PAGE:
Daily Archives: April 25, 2019

TrustArc Partnering with IAPP to Benchmark Privacy Tech Adoption

As privacy tech continues to proliferate and embed itself in day-to-day privacy functions in the enterprise, the IAPP, together with TrustArc, seeks feedback to better understand how privacy pros are adopting the privacy tech tools outlined in our Privacy Tech Vendor Report. This year’s survey builds on a similar one we did last year looking at how privacy tools are acquired and deployed. Now, with obligations that both the EU General Data Protection Regulation (GDPR) and California Consumer Privacy Act (CCPA) are imposing on organizations, are we seeing a move toward greater tech adoption? The survey should only take about … Continue reading TrustArc Partnering with IAPP to Benchmark Privacy Tech Adoption

The post TrustArc Partnering with IAPP to Benchmark Privacy Tech Adoption appeared first on TrustArc Blog.

What Is Fix Rate, and Why Does It Matter?

Once your application security program is up and running, there are several metrics you can use to gauge your progress and optimize your program. For instance, companies typically measure their scan activity, flaw density, and policy compliance. However, very few include metrics for fix rate, despite the fact that it is an important indicator of a program’s success. Fix rate indicates how long it takes for a team to fix the vulnerabilities their scans find. Fix rate is calculated as follows:

Fix Rate = Fixed Flaws divided by (Fixed + Open Flaws)

Looking at fix rate over time measures the average velocity at which organizations are fixing flaws.

All the metrics mentioned above are important, but fix rate is especially critical. Ultimately, the most important function of an application security program effectively fixing flaws once they are discovered. In the end, you can’t scan your way to secure code.

What are the average fix rates?

For our most recent State of Software Security (SoSS) report, we analyzed the data compiled from the 700,000 scans we performed over a 12-month period between April 1, 2017 and March 31, 2018, and this reveals a pretty clear picture of the current state of fix rates.

When we look at the curve for the average fix velocity from the first day of discovery, we see that it takes organizations a troubling amount of time to address most of their flaws. One week after first discovery, organizations close out only about 15 percent of vulnerabilities. In the first month, that closure reaches just under 30 percent. By the three-month mark, organizations haven’t even made it halfway, closing only a little more than 45 percent of all flaws.

When we looked at fix rate by flaw type, we found that organizations are making a big push to fix their highest severity vulnerabilities first. Organizations managed to reach closure on 75 percent of these high-severity flaws more than 100 days sooner than the norm.

But the numbers aren’t so positive for other vulnerability rankings, such as exploitability or business criticality.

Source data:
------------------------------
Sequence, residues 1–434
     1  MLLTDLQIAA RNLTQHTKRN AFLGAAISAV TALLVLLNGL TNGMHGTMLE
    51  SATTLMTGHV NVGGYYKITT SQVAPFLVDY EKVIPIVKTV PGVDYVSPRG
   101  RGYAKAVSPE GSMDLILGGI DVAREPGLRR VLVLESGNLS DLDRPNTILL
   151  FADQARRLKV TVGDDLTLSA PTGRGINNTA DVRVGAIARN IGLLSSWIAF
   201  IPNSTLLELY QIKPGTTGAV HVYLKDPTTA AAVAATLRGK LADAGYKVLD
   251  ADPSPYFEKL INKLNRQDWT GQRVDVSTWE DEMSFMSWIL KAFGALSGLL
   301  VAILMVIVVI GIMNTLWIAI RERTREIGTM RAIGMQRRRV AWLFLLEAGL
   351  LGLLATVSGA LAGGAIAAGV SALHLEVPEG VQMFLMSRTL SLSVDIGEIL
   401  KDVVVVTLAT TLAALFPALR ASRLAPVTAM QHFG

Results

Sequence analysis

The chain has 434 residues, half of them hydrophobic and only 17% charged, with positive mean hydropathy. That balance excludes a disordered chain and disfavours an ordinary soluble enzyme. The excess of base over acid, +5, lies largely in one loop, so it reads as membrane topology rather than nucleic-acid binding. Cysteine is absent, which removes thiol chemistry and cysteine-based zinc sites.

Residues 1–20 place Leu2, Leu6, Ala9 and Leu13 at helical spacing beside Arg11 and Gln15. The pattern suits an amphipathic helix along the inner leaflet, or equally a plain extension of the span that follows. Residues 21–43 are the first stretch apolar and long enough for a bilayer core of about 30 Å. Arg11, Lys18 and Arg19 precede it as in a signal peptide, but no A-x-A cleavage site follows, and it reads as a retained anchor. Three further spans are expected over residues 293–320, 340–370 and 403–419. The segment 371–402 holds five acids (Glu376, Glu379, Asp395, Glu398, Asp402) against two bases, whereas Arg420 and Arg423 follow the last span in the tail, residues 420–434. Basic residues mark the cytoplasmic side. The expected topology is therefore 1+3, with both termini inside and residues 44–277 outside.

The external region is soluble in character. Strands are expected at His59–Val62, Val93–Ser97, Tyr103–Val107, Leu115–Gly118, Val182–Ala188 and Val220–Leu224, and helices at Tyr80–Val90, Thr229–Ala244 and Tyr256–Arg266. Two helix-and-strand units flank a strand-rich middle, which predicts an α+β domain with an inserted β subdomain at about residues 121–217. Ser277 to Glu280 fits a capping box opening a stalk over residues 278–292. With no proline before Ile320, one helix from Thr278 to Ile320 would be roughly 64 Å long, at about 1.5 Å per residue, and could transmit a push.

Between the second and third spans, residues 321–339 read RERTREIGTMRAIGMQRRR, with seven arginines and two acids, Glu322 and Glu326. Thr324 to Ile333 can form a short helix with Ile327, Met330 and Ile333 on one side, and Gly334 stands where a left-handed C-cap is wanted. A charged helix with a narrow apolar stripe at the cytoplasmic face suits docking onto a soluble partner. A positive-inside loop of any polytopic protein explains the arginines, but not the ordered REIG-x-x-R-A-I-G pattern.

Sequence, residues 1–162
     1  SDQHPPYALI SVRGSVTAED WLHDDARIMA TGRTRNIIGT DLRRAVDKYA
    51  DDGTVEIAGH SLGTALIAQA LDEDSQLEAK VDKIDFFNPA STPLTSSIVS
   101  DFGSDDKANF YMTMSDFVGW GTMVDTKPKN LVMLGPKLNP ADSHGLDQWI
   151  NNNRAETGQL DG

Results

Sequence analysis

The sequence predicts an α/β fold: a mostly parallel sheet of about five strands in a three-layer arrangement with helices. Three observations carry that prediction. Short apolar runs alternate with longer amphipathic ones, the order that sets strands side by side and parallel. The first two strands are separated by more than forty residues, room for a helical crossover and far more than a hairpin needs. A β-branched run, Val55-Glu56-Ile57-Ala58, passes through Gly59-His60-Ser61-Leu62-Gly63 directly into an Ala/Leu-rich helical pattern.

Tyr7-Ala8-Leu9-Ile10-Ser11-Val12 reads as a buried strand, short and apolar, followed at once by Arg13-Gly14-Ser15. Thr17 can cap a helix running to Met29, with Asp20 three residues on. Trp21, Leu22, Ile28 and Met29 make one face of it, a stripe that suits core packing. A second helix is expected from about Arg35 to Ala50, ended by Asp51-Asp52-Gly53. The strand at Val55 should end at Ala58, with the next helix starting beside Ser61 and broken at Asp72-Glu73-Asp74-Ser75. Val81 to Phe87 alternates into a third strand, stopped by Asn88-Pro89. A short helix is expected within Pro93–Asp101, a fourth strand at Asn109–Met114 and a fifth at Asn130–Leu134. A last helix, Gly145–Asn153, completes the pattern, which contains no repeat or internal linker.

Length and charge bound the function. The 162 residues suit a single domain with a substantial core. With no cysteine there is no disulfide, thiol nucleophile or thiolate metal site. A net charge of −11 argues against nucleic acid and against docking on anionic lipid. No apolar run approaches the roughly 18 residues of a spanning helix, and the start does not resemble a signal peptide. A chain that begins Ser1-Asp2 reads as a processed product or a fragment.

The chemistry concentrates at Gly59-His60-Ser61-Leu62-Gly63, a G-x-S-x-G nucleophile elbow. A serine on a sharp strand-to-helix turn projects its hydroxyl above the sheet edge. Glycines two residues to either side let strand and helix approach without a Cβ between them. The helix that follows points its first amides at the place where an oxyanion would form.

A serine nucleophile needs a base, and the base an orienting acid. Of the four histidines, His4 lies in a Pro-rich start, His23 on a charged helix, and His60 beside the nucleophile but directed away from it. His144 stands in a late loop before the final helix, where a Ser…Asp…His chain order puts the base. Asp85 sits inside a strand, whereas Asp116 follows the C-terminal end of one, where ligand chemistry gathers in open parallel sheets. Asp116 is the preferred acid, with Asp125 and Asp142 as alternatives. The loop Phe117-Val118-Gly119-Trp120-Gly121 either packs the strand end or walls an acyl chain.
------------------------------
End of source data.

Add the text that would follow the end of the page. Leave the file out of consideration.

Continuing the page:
Why are fix rates important?

Speed matters when it comes to application security. The time it takes for attackers to come up with exploits for newly discovered vulnerabilities is measured in hours or days. Letting known vulnerabilities linger unfixed dramatically increases your risk. For instance, it was merely days between disclosure and exploitation of the vulnerability in the Apache Struts framework that led to the Equifax breach.

In addition, it’s important to address the most high-risk vulnerabilities the fastest. Our SoSS stats surrounding fix rate by flaw type (mentioned above) are important here. The fact that most organizations are solely focused on fixing high-severity flaws, but have troubling fix rates for flaws that are highly exploitable or business critical is problematic. Oftentimes, a low-severity flaw could be just as risky, if not more so, than a higher-severity flaw. For example, a low-severity information leakage flaw could provide just the right amount of system knowledge an attacker needs to leverage a vulnerability that might otherwise be difficult to exploit.

How can we improve our fix rate?

Here are some ways to give your fix rate a boost:

Prioritize more

Reconsider your application security policy to ensure you are taking steps to reduce your most high-risk vulnerabilities the fastest. The sheer volume of open flaws within enterprise applications is too staggering to tackle at once -- which means that organizations need to find effective ways to prioritize which flaws they fix first.

For instance, not all apps are created equal, so create different requirements for different apps. An application that has IP, is public facing, and has third-party components may require all medium to very critical flaws to be fixed. A one-page temporary marketing site may only require high/very high flaws to be fixed.

In addition, consider a flaw’s exploitability, not just its severity. As noted above, some low-severity flaws could be highly exploitable, while some high-severity flaws would never be exploitable.

Scan more

This year’s State of Software Security report also revealed that those organizations that scan most frequently have the highest fix rates. Our data shows that there is a very strong correlation between how many times a year an organization scans and how quickly they address their vulnerabilities.